Protection concerns are high priority for both camp res­idents and those Syrians residing in towns and cities of Jordan.Women and children under 18 years of age who constitute the majority of the urban Syrian refugee population in Jordan, 51% and 53% respectively, are one of the most vulnerable and marginalized demographic groups within the refugee community who bear a disproportionate brunt of the long-term effects of the civil war and their current displacement into Jordan (Care Jordan 2014: 13). They are subject to an increased risk of sexual, physical, and psychological abuses, harassments, exploitations, and other forms of gender-based violence (GBV) due to their gender and displacement, whether it is from armed groups, family members, or other members of society (IRC 2014: 5). Particularly, the marriage of girls below the age of 18 is one of the most common forms of GBV that directly affects around 14 million girls a year (Equality Now 2014: 49). 

One of the major challenges in the protection of Syrian  women refugees in Jordan is lack of documentation, which contributes to  several protection concerns and risks, lack of documentation can affect the woman rights of stipulating her marriage and the  request to peruse divorce such as in cases of a missing or diseased husband, moreover the issue of having a proof of marriage is essential to protect not only the women rights but also to stipulate the kinship of the children and  the process of issuing  birth certificates to encounter the bigger problem of stateless children, that have no right to services or the right to return.

Exhaustion of economic coping mechanisms: Coping mechanisms used by Syrian families are becoming exhausted as financial resources and material assets are depleted. Families and specifically women are deploying ever more negative strategies to survive, leading to an increasingly negative protection cycle.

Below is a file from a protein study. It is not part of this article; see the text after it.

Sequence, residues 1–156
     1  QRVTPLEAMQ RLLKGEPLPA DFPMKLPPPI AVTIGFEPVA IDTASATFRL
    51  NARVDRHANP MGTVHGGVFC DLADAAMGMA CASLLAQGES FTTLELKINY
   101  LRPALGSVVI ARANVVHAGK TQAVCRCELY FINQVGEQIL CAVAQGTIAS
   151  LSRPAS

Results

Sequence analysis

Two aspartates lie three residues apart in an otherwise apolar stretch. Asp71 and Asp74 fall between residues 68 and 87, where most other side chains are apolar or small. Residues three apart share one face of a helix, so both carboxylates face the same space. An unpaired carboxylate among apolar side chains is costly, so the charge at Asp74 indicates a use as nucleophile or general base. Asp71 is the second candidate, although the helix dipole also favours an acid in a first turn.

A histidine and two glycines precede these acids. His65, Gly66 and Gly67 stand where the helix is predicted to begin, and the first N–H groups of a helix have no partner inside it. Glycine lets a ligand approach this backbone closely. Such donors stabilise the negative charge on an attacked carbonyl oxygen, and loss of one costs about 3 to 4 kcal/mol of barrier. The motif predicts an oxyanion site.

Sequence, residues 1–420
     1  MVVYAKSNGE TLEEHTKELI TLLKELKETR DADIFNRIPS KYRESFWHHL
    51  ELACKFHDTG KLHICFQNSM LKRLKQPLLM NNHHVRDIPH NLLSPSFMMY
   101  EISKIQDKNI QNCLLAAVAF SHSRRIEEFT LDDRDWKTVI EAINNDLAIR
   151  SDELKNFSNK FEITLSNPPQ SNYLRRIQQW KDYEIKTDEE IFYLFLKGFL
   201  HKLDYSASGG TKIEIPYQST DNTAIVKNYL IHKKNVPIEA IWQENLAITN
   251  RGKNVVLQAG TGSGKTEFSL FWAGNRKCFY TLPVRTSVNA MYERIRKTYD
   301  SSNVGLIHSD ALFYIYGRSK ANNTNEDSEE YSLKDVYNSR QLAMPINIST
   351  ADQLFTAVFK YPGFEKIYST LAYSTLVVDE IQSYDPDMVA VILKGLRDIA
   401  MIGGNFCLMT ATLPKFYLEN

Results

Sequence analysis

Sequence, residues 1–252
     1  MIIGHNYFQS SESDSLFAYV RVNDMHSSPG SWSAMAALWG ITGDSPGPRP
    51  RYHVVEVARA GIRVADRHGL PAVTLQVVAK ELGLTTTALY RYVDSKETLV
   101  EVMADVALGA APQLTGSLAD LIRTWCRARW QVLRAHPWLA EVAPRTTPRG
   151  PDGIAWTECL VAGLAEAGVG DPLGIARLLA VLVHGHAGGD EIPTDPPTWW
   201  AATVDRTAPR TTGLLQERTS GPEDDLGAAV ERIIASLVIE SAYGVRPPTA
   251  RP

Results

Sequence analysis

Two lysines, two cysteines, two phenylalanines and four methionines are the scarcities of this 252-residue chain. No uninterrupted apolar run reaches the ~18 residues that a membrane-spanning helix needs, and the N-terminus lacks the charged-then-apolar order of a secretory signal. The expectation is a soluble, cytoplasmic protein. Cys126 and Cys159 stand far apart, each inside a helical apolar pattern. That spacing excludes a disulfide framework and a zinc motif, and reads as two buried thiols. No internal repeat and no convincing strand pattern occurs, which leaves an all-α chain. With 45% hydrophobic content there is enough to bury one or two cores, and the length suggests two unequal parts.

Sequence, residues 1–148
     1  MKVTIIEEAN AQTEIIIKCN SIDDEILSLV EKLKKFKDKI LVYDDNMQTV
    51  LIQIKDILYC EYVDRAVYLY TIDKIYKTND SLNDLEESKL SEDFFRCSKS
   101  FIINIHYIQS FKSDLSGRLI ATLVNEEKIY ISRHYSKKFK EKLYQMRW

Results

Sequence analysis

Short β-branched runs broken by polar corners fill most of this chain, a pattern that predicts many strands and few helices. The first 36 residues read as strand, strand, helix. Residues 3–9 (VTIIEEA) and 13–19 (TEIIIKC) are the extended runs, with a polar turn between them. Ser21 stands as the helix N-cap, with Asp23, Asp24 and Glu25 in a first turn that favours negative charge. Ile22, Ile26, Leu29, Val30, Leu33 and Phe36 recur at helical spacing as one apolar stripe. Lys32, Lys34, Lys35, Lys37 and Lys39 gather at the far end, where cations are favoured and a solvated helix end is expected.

One of the most common observed within the Syrian refugees in Jordan is the high rate of widows and female headed households consisting of separated or unaccompanied women and their children. Syrian refugee women who are alone without an adult male can be particularly vulnerable. Though there is limited information on prevalence, survival sex is especially a problem in underserved and overcrowded communities, where women often bear the brunt of abuse and marginalization in the competition for assistance.

GBV remains a private and sensitive issue that is largely addressed within the home setting. It was clear that concerted attention to issues such as GBV did not take place until at least a year into the cri­sis. Specialized, confidential, and supportive services currently available to Syrian women and children survivors of GBV are not sufficient, and when such resources are available, Syrian refugees are very often unaware of them. Women face a double obstacle towards accessing services: not only are women themselves often hesitant to go outside the protection of the home and to interact with the larger community, but even in the absence of personal qualms, male family members may seek to ensure women’s protection by restricting their movement. 

There is a need to shift so that gender integration goes beyond the notion of need into the notion of potential. Instead of only thinking about what women and girls need, it is important to consider empowerment and possibilities. It is crucial to think of Syrian women as agent of change and involve them with participatory engagement to achieve gender equality.

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Addressing gaps: enactment vs. enforcement


1. Please share concrete examples of reforms from your country (e.g. type of law, actors involved, recipe for success)? What entities exist to report and track impact of these reforms?

Post signing of CEDAW, Pakistan initiated Gender Reform Action Plan (GRAP). It was a comprehensive reform package focusing on institutional strengthening, Political, Social & economic empowerment. Its initiation at Federal/Central government level was a high point of commitment advocacy & call for action. All 4 provincial Governments also adopted and protected it under a legislation. It could bring together all stakeholders i.e. government, political, donors, CSO, academia. etc. At Federal level its duration was 2002-2010. Under a constitutional amendment for provincial autonomy this subject was devolved and still exits in provinces.